Huckberry Must-Read: Zen and the Art of Motorcycle Maintenance

Dive into this American classic of philosophy and the open road
November 16, 2015Words by Tim HawkenPhotos by Dylan Gordon

A whopping 121 publishers rejected Zen and the Art of Motorcycle Maintenance before it was picked up by William Morrow & Co. in 1974. The book went on to sell more than five million copies globally. If those ridiculous statistics can tell you anything it’s that, firstly, while this book is seen as an American classic, many people find it largely unreadable. And secondly, don’t ever give up on your dreams. Your genius idea really could be genius.

However, before you rush off to pitch that hydraulic pogo stick on Kickstarter, I should let you know that Robert Pirsig, the author of ZAMM, actually was a genius with an IQ of 170. For context, Einstein and Stephen Hawking each scored a mere 160.   

The book is really philosophy wrapped in a story; think the likes of Ishmael by Daniel Quinn. It follows the author, along with two friends and his son Chris, on a motorcycle journey across the USA from Minnesota to California. The trip makes up the backbone of the general narrative, but is intersected frequently by third-person flashbacks about the author’s life as a philosophy student turned creative writing professor, who eventually had a mental breakdown and went into electroshock therapy. Those flashbacks are also broken up by long philosophical expositions.

I think that for the majority of those who don’t like the book, it’s these expositions that people find hard to get through. For me, they are a shining light of interesting ideas amongst what is a lively, yet otherwise drama-free ride across America.

The main idea Pirsig explores in ZAMM is the definition of Quality, with a capital Q.

The main idea Pirsig explores in ZAMM is the definition of Quality, with a capital Q. An offhand comment by a fellow teacher at community college — “I hope you’re teaching quality” — sends Pirsig into a spiral of philosophical enquiry into what Quality actually is. Before this literally drives him insane, Pirsig suggests that Quality is undefinable, but is related to what Buddhists refer to as the Godhead and what ancient Greeks understood as Truth. I found this pretty deep and interesting, but an engineer I know who read the book said it made him want to throw his copy across the room. Apparently in Engineering 101 you get taught that Quality = Fitness For Purpose.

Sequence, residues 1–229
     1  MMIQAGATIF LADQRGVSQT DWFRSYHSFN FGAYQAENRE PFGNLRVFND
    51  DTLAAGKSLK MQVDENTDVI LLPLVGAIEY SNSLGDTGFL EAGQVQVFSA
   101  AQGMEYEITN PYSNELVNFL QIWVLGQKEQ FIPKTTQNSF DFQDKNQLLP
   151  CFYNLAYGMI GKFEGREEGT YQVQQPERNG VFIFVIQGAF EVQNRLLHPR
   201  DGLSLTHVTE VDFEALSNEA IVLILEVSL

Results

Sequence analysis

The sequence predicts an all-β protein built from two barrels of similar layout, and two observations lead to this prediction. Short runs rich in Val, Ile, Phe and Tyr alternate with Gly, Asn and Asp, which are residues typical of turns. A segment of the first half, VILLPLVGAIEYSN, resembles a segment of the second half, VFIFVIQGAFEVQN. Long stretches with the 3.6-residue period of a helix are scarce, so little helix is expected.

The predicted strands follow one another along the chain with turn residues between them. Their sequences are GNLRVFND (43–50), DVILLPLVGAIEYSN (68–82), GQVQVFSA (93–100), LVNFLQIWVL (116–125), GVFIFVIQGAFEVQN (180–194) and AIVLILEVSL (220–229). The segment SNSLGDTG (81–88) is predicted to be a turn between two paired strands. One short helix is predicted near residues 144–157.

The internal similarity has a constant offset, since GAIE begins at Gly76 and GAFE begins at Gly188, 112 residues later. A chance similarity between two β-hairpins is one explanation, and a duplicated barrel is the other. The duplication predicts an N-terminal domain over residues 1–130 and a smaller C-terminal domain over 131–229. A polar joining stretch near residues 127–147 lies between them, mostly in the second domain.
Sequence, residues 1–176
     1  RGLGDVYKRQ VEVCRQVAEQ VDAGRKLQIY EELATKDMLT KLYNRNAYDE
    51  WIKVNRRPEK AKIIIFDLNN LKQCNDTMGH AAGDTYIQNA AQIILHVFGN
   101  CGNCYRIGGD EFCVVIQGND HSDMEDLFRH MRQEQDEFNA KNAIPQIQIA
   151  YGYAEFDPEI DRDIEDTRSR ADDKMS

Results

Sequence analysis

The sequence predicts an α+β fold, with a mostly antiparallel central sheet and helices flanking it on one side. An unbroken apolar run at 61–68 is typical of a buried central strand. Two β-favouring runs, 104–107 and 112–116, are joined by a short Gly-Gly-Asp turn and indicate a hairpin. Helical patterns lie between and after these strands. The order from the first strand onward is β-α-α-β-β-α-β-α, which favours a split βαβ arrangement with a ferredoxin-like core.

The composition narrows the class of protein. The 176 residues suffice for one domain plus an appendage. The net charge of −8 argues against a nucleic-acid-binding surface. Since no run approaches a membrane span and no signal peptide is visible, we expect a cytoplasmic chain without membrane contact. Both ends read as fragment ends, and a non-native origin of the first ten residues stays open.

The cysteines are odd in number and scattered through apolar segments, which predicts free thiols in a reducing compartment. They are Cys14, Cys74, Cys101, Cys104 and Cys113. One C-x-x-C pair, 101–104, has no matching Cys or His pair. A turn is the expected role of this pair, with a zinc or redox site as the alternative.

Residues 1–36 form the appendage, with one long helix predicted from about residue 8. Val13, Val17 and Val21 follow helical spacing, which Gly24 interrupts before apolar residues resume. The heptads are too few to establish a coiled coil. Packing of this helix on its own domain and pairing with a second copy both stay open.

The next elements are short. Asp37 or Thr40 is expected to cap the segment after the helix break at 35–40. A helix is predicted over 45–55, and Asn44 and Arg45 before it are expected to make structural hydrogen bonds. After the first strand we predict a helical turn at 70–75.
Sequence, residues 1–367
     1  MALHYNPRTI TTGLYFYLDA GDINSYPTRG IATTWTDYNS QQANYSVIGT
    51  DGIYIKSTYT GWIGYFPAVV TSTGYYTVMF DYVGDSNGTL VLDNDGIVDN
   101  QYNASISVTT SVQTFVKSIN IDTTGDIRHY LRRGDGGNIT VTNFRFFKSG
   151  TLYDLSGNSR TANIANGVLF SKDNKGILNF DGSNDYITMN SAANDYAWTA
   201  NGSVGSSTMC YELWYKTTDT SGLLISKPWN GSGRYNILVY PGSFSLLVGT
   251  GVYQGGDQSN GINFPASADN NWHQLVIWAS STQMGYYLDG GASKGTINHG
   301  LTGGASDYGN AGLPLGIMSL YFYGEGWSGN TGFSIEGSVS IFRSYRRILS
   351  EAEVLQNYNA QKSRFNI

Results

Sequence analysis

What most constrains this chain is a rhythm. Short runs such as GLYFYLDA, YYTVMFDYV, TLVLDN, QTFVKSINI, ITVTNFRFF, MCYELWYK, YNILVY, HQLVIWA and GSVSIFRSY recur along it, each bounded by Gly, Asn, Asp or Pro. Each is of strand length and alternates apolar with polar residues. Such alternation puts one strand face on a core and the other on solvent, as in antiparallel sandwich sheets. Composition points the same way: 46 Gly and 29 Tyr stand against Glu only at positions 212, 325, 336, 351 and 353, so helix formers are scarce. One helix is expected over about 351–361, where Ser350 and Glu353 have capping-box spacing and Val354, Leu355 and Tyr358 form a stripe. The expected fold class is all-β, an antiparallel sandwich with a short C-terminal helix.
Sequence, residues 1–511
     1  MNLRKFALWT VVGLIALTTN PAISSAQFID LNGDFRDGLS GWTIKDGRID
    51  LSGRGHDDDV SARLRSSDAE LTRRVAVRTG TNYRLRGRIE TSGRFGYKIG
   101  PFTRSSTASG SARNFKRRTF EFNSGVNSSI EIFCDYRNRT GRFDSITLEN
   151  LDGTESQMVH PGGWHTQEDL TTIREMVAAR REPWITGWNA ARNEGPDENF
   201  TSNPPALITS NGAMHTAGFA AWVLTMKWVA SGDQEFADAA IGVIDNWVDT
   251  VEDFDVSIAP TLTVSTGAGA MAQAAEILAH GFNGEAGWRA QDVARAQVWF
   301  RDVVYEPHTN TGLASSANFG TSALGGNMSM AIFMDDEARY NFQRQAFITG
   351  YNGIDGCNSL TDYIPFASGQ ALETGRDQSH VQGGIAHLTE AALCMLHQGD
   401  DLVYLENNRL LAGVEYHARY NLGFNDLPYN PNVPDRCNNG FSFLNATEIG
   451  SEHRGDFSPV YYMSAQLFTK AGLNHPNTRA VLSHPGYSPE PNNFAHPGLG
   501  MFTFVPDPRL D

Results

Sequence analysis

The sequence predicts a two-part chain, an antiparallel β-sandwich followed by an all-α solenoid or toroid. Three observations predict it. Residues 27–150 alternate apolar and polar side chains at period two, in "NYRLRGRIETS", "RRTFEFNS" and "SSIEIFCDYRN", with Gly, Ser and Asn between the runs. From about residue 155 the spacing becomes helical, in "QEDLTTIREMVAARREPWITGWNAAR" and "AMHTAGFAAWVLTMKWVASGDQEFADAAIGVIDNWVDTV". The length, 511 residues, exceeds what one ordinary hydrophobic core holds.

Funny thing is, this is kind of what Pirsig is aiming at as well. The idea is that if people stopped thinking quality was absolute, instead of being subjective and situational, we’d all be way happier. For example, if you have a quality Ferrari but are disappointed when it doesn’t tackle an off-road track so well, you should probably adjust your idea of what quality is in this context. Or, just go buy a Porsche Cayenne. Whatever.

The other big idea that Pirsig talks about is the clash between Romantic and Classical personalities in life. The basic thought is that some people tend to be more romantic. They like riding motorbikes for the feel of the road rushing under their feet and the wind blowing in their man bun:

“In a car you're always in a compartment, and because you're used to it you don't realize that through that car window everything you see is just more TV. You're a passive observer and it is all moving by you boringly in a frame. On a cycle the frame is gone. You're completely in contact with it all. You're in the scene, not just watching it anymore, and the sense of presence is overwhelming.”

Meanwhile, Classical people are all about rationality: they like fixing their motorbike with a methodical approach and generally understanding things from a more scientific point of view: 

“The real purpose of the scientific method is to make sure nature hasn’t misled you into thinking you know something you actually don’t know.” 

Pirsig thinks that everyone has a bit of both Romantic and Classical in his or her personality, so it’s the conflict within — and the conflict between people strongly disposed to one or the other — that causes a lot of angst in the world. This split is especially magnified in our rapidly changing technological landscape. According to Pirsig, it’s cultivating a balance between the two personality types that will eventually lead to greater levels of happiness. 

There’s still a lot of important stuff from this book I’ve left out, especially about Zen Buddhism and motorcycles. But that’s okay. As Pirsig points out in the introduction, the book “should in no way be associated with that great body of factual information relating to orthodox Zen Buddhist practice. It’s not very factual on motorcycles either."

I’d recommend reading the first three chapters of this book. If you find yourself drifting off by then, put it down. If not, you’ll be one of the millions of people around the world who have found Zen and the Art of Motorcycle Maintenance deeply satisfying and intriguing. It is for sure a much more accessible and practical introduction to philosophy than trying to wade through Nietzsche, Kant, or Heidegger. [H]

Reviewer's Note: If you do like ZAMM, there is a sequel titled Lila you may also enjoy. I’d also recommend the more recent New York Times Bestseller Shop Class as Soulcraft by Matthew Crawford. It's destined to become a Bible to scientific hipsters with man buns and motorcycles everywhere.

 

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